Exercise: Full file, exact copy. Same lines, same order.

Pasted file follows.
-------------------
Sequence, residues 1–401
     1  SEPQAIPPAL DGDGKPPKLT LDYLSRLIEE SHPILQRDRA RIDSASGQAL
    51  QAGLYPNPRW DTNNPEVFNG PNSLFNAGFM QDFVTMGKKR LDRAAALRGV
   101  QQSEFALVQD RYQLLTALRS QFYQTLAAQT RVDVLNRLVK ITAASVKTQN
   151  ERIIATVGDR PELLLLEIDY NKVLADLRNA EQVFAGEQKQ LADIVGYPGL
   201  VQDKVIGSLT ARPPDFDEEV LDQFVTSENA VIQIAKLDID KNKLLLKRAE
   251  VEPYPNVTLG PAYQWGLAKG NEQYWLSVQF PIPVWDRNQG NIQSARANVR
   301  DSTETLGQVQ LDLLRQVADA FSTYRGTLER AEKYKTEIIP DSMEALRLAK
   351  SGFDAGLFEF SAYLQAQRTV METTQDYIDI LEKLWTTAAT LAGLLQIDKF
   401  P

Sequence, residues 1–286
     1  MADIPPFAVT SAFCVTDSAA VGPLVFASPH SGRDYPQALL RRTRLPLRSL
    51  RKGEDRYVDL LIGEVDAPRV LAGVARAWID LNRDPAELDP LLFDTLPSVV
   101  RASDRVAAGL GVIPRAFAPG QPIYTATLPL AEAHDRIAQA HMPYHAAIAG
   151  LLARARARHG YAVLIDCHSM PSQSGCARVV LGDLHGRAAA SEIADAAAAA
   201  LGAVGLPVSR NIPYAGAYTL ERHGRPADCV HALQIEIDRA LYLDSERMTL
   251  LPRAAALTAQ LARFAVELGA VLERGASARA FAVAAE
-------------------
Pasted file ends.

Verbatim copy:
Sequence, residues 1–401
     1  SEPQAIPPAL DGDGKPPKLT LDYLSRLIEE SHPILQRDRA RIDSASGQAL
    51  QAGLYPNPRW DTNNPEVFNG PNSLFNAGFM QDFVTMGKKR LDRAAALRGV
   101  QQSEFALVQD RYQLLTALRS QFYQTLAAQT RVDVLNRLVK ITAASVKTQN
   151  ERIIATVGDR PELLLLEIDY NKVLADLRNA EQVFAGEQKQ LADIVGYPGL
   201  VQDKVIGSLT ARPPDFDEEV LDQFVTSENA VIQIAKLDID KNKLLLKRAE
   251  VEPYPNVTLG PAYQWGLAKG NEQYWLSVQF PIPVWDRNQG NIQSARANVR
   301  DSTETLGQVQ LDLLRQVADA FSTYRGTLER AEKYKTEIIP DSMEALRLAK
   351  SGFDAGLFEF SAYLQAQRTV METTQDYIDI LEKLWTTAAT LAGLLQIDKF
   401  P

Sequence, residues 1–286
     1  MADIPPFAVT SAFCVTDSAA VGPLVFASPH SGRDYPQALL RRTRLPLRSL
    51  RKGEDRYVDL LIGEVDAPRV LAGVARAWID LNRDPAELDP LLFDTLPSVV
   101  RASDRVAAGL GVIPRAFAPG QPIYTATLPL AEAHDRIAQA HMPYHAAIAG
   151  LLARARARHG YAVLIDCHSM PSQSGCARVV LGDLHGRAAA SEIADAAAAA
   201  LGAVGLPVSR NIPYAGAYTL ERHGRPADCV HALQIEIDRA LYLDSERMTL
   251  LPRAAALTAQ LARFAVELGA VLERGASARA FAVAAE